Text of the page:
Co-Conspirator Testifies in Plot to Kidnap and Murder a Reseda Man

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By Raul Hernandez

Ruben Szerlip walked into Courtroom 25 at the Hall of Justice last week with a shaved head, handlebar mustache,  khakis,  a bleach-white shirt and dull black shoes.

The 65-year-old Szerlip was there to testify about a nefarious plot to kidnap a Reseda man put him on a yacht docked at the Oxnard marina, kill him and toss his body into the ocean.

The loquacious co-conspirator and former heroin addict was granted immunity in exchange by prosecutors for his testimony against his former pal and Pacoima businessman Barry Carlisi.

Szerlip, who is in the state's witness protection and relocation program, testified that he walked away from the plan to kill Tom MacAllister after Carlisi said he wanted another man who had given him a bad check and his 15-year-old son dead.

The  57-year-old Carlisi, who is a Pacoima businessman, is on trial for conspiracy to commit murder, conspiracy to kidnap, solicitation to commit murder on MacAllister.

He is also charged with possession of marijuana for sale.

A marijuana grow farm was found at Carlisi's Bell City house when law enforcement executed a search warrant to gather evidence for the conspiracy charges.

A Bitter Divorce and Child Custody Battle Resulted Trigger the Conspiracy

Carlisi and his family were involved in a very bitter divorce and child custody dispute with Tom MacAllister who is the ex-husband of Carlisi's niece, Shannon.  

Barry Carlisi concocted a detailed plan to kill MacAllister and chop up his body. The plan included the use of Tasers, untraceable cell phones,  GPS  tracking devices that can be attached to cars, photographs of the victim and his house, and  a calendar that marked the days that MacAllister had custody of his daughter.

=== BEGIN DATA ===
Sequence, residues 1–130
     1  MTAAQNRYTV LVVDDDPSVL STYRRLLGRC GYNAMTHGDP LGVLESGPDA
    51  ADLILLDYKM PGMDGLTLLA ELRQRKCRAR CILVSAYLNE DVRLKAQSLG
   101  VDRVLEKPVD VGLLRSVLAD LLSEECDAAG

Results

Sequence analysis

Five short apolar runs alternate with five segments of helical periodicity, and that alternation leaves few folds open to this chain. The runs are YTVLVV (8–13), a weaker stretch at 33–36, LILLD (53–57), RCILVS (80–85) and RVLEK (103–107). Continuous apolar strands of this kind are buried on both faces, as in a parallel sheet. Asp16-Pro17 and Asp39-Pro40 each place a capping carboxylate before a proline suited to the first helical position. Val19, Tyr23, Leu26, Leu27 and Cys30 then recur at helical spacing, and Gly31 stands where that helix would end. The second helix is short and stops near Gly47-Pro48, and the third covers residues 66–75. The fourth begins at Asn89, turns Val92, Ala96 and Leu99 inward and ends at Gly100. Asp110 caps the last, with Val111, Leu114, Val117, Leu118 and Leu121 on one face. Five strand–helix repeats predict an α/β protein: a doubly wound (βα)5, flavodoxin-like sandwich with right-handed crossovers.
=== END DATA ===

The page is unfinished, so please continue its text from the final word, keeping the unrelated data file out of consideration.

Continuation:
Szerlip and Barry Carlisi were doing surveillance on MacAllister, according to court testimony.

MacAllister's and Shannon Carlisi's legal disputes resulted in drawn-out legal battles including courtroom accusations and counter-accusations.

Later, there were threats and lawsuits and counter-lawsuits between MacAllister and the Carlisi family along with its patriarch Frank Carlisi Sr. who raised Shannon Carlisi.

MacAllister testified that the acrid legal battle left him broke, and he lost two houses after the Shannon Carlisi refused to sign for-sale papers to put the real state on the market.

Szerlip Testified that Barry Carlisi  Wanted Another Man Dead

Szerlip  told jurors last week that he decided to pull the plug on an alleged plan to murder and kidnap MacAllister after Carlisi told him that he wanted to kill another man who gave him a bad business check for $3,500.

Szerlip said an angry  Carlisi wanted the bad check writer's 15-year-old son also killed because Carlisi feared that the man was going to retaliate against him. 

Carlisi was with his 15-year-old son when he brutally beat the bad check writer. Carlisi's son beat up the man's son who looked older than 15 years, according to Szerlip

Carlisi's son was later remorseful about what he did, Szerlip told jurors..

After the beatings at Carlisi's place of business,  the bad-check writer didn't know where he was when he woke up,  Szerlip told jurors.

"He barked like a dog and didn't even know he was a person," Szerlip said.  "Both (father and son) went to the hospital in an ambulance."

"They needed to be killed" Witness Testifies

When the police arrived,  Carlisi's entire staff at his business told police that the man and his 15-year-old son started the fight,  and so, no charges were filed against the Carlisis,  Szerlip said.

As soon as Barry Carlisi learned that the man was going to retaliate, he told Szerlip that he wanted the man and his 15-year-old son killed, according to Szerlip.

"They needed to be killed," Szerlip said Carlisi told them.

Szerlip said he had no qualms about going along with the plan to kill MacAllister but he wanted no part in murdering a 15-year-old boy. So, he decided to go to law enforcement.

"You didn't care about saving Tom MacAllister's life is that fair to say?" asked prosecutor Anne Spillner.

"Yes," Szerlip relied.